Behavioral analytics. Using data to measure employee behavior can also help tighten security. If healthcare employees -- doctors, nurses or residents -- have access to a system, McMillan said, they usually can view information about all the patients in that portion of the healthcare organization's system.
However, some technologies can monitor how employees use those systems and track what information they access. For example, if a doctor in the emergency department looks up a patient's information in the oncology ward, that action would trigger an alert to the IT department because the doctor may be accessing information he doesn't necessarily need, McMillan said.
"We need to start normalizing behavior across platforms and across positons so that we understand what is normal for [a clinician] to look at in a given day," McMillan said. "And if he's looking at [50%] or 100% more information than is normal for him to look at, that should set off a flag, too, even if he's still within his lane. We need those behavioral analytics."
Honeypot. McMillan said another option to prevent attacks is to install a honeypot, which essentially creates a fake server that will lure attackers "and cause them to waste time playing around out there as opposed to actually hacking your network." Healthcare organizations should set up their honeypot so that they can track and block the IP address of the attackers.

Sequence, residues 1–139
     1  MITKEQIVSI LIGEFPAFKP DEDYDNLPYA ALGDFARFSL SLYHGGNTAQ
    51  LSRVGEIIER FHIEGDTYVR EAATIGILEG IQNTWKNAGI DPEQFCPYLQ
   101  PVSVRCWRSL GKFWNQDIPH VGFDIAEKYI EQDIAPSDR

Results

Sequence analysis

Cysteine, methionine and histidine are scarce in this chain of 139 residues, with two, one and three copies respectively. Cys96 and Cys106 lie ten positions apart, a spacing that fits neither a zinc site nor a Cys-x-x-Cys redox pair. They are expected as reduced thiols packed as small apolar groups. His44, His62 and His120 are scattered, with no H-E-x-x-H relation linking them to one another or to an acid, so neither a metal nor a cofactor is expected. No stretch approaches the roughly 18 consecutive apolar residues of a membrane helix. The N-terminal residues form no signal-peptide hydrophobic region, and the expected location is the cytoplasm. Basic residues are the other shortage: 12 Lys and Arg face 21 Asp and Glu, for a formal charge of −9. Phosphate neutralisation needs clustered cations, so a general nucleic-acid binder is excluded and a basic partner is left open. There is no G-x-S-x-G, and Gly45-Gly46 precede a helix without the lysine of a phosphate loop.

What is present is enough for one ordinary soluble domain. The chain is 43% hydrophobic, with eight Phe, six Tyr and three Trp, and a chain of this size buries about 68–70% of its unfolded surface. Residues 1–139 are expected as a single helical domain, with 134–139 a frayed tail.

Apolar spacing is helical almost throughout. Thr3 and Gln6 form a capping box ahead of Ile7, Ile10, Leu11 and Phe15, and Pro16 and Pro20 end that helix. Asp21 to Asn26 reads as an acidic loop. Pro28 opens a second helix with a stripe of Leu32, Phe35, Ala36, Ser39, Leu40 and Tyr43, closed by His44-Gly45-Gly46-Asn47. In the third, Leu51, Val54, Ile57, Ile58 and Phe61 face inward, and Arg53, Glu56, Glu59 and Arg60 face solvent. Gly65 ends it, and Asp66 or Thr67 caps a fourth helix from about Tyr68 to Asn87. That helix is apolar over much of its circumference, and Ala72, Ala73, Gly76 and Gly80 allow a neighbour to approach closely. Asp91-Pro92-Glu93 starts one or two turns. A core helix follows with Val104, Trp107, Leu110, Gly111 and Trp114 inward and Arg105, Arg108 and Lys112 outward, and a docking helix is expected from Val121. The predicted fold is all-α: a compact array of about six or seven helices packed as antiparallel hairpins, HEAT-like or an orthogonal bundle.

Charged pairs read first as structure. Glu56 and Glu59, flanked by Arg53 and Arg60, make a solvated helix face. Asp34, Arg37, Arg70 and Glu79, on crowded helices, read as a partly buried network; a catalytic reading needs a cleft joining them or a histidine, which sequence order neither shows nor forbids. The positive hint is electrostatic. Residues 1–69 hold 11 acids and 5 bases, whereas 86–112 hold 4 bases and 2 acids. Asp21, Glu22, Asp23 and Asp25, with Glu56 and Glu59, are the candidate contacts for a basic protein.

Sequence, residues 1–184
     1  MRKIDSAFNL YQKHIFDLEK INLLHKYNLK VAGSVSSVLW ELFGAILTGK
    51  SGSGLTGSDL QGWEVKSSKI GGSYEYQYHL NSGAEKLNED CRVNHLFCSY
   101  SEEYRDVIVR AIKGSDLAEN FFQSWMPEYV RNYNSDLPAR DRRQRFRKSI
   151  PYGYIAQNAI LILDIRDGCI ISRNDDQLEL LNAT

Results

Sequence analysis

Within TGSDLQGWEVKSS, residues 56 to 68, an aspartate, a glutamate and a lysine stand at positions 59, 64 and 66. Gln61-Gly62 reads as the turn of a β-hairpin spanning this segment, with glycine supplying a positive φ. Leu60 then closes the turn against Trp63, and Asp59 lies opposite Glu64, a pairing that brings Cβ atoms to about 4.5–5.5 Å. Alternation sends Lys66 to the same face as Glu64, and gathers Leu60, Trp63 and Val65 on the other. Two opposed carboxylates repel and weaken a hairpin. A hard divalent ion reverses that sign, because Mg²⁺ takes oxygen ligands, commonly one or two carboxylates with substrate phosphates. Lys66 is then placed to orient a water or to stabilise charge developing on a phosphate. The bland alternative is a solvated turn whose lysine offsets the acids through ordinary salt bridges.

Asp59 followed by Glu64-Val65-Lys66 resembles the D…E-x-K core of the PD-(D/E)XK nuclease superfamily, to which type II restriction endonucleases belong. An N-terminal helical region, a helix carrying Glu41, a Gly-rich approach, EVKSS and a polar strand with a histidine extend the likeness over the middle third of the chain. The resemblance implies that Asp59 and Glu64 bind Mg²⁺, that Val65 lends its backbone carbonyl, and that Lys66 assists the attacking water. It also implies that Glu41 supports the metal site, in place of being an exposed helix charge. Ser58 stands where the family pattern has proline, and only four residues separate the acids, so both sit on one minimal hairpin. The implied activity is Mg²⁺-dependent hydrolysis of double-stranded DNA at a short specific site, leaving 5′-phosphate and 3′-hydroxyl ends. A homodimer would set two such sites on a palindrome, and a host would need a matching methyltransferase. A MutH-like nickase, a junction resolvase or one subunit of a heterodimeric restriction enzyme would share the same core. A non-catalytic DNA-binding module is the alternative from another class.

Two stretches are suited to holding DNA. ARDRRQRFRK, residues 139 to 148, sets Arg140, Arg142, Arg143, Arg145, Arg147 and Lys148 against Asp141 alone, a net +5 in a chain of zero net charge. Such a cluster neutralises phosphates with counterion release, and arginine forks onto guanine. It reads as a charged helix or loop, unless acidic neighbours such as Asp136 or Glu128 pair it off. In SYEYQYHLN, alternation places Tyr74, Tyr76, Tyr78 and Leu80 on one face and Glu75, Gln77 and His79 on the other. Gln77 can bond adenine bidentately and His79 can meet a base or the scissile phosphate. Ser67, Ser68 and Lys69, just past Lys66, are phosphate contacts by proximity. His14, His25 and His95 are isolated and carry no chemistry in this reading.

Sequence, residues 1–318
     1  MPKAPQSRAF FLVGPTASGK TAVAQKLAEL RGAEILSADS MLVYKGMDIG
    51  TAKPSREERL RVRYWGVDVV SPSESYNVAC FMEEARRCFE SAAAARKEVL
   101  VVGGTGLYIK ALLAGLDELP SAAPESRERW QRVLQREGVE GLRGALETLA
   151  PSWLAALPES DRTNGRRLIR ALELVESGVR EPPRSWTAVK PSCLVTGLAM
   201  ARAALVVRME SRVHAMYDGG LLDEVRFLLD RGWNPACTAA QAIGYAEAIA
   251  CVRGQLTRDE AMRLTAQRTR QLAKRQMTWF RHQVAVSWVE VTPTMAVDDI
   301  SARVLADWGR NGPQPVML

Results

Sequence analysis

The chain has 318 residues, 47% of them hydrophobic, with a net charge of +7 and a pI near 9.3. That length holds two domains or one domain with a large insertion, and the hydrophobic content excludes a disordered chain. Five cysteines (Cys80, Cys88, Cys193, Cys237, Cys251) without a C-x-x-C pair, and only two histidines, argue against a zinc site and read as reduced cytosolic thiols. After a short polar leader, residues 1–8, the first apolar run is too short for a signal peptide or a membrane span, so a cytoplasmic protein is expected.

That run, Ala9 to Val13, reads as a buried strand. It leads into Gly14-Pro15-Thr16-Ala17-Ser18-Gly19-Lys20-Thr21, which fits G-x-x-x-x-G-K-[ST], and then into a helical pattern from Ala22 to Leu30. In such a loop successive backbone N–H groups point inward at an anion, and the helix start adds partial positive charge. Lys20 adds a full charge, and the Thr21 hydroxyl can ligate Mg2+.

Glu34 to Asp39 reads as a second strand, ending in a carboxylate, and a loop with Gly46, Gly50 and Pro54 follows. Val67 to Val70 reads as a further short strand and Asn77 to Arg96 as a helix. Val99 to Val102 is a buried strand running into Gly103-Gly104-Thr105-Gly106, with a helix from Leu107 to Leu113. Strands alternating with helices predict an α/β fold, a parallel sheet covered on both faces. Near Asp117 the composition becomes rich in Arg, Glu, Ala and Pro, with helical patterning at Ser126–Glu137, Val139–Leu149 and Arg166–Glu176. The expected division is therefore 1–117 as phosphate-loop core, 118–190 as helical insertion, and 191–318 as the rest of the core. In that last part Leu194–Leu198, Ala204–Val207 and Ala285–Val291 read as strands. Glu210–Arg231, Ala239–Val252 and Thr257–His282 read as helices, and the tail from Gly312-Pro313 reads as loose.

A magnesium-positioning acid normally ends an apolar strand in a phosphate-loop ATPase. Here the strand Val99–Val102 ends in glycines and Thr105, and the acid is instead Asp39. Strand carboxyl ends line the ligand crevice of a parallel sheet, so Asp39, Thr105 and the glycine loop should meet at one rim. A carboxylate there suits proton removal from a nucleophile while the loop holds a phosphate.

How to detect cyberattacks with technology
An effective way to detect -- and protect against -- ransomware or cyberattacks is to have next-generation firewalls and security email gateways work together, Reis said. "What that interoperability between firewalls and security email gateway devices would do is identify that something was running in the environment that looked suspicious and then inspect email attachments for known patterns, ... not in an antivirus way, [but] in a crowd-sourced way," he explained. Like the internet of things, security tools would be aware of what other security devices are discovering, he noted, adding that "this is similar to intrusion detection and prevention solutions but with a different focus."
Technology to respond to a cyberattack
When it comes to meeting an attack head on, some hospitals succeed with advanced persistence threat (APT) technologies, said Mark Dill, a partner and principal consultant at tw-Security, a healthcare security firm based in Strongsville, Ohio. According to Dill, APT looks for early infections in the network that ultimately become ransomware problems.
Hospitals, grab your bitcoin wallet
Should a healthcare organization experience a cyberattack or ransomware attack, having a bitcoin wallet makes the recovery process much quicker if the organization has no choice but to pay the ransom, said Mark Dill, partner and principal consultant at tw-Security, a healthcare security firm based in Strongsville, Ohio.